CURWOOD: Now, how did this happen?
KUNSTLER: Well, it was partly a result of what I call a position of extreme individualism in our culture. In America, land was always viewed solely as a commodity for profit. It was real estate, something to be bought and sold and exploited. It was not viewed as a sacred trust or as a resource to be preserved for generations to follow, nor was it viewed as part of a larger social organism, like a town. And this view also tended to denigrate the importance of the public realm, the streets, other public places that held together all the little private parcels of real estate. Hence in America today, streets are devoted almost exclusively to the happiness of cars, and towns have become automobile storage depots that only incidentally contain other things, like houses, shops, and schools.
CURWOOD: A lot of people live in these horrible places. Don't you think they care about their environment?
KUNSTLER: I think people care deeply about the everyday environment, the places where they live and work. But I think they're having a very hard time articulating their distress about this. It's been three generations now since we've been living in this car-based environment, and our cultural memory has really been impaired. We no longer really know how to build good places. I think the proof that we're unable to think about this issue is the fact that we are not talking about how we physically live in this country in our ongoing economic debate.
CURWOOD: So what's to be done about this?
KUNSTLER: Well, for starters we're going to have to rethink our zoning laws and our building regulations, and some of our cherished beliefs, especially about cars, so that we can build coherent towns and neighborhoods that are worth caring about. Americans know in their bones what it takes to make a good town a good place to live. You know, they go to Main Street USA in DIsneyland and they like the way it feels there, or they go to places like Charleston or Annapolis, Maryland, or little towns in Vermont . . .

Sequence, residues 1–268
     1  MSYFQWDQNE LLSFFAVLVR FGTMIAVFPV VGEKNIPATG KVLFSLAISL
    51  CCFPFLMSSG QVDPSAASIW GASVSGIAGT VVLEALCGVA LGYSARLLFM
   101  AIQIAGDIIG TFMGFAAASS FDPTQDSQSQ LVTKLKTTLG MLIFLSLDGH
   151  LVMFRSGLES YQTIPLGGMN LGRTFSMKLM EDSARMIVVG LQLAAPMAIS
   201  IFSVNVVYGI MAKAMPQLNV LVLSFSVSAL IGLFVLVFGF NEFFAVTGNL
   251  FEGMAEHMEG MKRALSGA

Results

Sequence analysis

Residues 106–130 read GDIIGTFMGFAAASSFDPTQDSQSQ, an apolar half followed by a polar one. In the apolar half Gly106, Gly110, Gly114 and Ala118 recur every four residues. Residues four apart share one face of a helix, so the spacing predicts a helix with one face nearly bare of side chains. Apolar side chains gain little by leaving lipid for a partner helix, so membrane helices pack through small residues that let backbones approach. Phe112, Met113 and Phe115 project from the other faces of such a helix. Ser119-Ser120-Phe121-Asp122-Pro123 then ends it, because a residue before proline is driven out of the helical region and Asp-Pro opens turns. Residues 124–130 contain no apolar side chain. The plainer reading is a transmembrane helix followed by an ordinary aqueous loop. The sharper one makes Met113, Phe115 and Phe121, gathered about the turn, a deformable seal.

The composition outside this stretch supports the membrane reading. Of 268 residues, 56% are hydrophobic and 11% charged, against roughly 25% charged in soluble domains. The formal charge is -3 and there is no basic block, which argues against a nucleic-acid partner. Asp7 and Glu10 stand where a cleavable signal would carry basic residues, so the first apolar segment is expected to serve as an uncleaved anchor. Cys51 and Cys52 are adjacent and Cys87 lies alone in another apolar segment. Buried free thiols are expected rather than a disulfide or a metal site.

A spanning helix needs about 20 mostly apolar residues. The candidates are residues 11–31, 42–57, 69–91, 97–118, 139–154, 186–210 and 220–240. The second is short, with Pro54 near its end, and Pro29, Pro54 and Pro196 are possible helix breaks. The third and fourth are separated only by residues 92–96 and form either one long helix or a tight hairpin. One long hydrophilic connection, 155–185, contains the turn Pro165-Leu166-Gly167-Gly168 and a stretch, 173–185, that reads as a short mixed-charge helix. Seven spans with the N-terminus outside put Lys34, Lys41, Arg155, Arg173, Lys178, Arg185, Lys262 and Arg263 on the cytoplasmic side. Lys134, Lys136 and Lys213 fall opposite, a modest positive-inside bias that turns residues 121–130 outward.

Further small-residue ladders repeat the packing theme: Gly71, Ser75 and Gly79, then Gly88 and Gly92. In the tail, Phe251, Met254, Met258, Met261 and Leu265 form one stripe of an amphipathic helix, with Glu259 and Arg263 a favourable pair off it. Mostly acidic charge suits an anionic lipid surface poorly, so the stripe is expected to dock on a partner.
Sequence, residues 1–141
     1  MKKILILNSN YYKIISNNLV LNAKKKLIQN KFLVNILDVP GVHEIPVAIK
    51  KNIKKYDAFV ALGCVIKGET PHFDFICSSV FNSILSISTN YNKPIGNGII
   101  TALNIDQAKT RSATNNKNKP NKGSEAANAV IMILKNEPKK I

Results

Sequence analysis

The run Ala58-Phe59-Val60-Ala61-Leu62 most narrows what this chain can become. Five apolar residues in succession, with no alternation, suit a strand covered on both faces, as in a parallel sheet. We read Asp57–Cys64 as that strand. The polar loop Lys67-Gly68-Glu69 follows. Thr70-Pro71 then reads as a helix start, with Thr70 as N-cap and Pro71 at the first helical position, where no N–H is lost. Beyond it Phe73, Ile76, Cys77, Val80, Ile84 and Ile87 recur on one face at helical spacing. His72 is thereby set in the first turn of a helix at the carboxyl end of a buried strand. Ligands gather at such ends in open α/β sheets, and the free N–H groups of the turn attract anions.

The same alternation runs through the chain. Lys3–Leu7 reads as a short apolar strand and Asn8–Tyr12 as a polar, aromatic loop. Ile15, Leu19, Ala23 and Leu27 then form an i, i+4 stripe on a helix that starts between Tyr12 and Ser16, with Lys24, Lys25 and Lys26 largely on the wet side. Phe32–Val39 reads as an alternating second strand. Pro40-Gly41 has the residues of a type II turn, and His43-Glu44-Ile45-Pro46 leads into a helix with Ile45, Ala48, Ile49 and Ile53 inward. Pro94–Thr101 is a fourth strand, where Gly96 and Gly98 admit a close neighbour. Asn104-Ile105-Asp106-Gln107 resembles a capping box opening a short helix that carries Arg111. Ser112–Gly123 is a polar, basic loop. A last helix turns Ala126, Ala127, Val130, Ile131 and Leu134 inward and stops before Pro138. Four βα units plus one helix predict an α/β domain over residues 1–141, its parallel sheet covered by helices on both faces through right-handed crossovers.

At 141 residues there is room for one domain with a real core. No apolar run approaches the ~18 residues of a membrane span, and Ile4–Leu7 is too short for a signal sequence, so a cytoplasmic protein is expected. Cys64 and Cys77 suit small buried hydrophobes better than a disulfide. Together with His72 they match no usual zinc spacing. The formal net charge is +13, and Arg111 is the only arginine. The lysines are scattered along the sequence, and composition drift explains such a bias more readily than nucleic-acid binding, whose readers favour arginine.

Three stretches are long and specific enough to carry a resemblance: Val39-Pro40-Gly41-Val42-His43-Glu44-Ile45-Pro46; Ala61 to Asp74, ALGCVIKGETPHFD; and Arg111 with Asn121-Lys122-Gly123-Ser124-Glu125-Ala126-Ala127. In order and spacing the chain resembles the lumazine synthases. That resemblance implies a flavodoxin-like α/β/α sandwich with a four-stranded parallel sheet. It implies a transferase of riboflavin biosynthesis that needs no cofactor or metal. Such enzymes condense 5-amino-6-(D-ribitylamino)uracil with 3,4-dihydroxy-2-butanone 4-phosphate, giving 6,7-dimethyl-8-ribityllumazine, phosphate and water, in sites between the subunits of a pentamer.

CURWOOD: What are they like there?
KUNSTLER: Well, they love the intimacy of these places, they like the relationships between the buildings and streets and the buildings and each other, and they know that these places make them feel good. But their instincts about how to build are at odds with their building practices and their laws. It's against the zoning laws to build places like the ones I've just described.
CURWOOD: You've said that part of the problem is that we regard the land as something to be exploited, as private property to be passed around. Should people be able to own land or should we have a society that's more like the Native American culture, in which people hold the land in trust?
KUNSTLER: I think it's a little unrealistic to suppose that we're not going to have property ownership. But I do think that we, in some cases, may have to tell some people what they can and cannot do with their land. And we are going to have to think of land less as a civil liberty and more as a social resource.
CURWOOD: Thank you. James Howard Kunstler is author of The Geography of Nowhere: The Rise and Decline of America's Man-Made Landscape. Jim, thanks for joining us on Living on Earth.
KUNSTLER: Thanks for having me, Steve.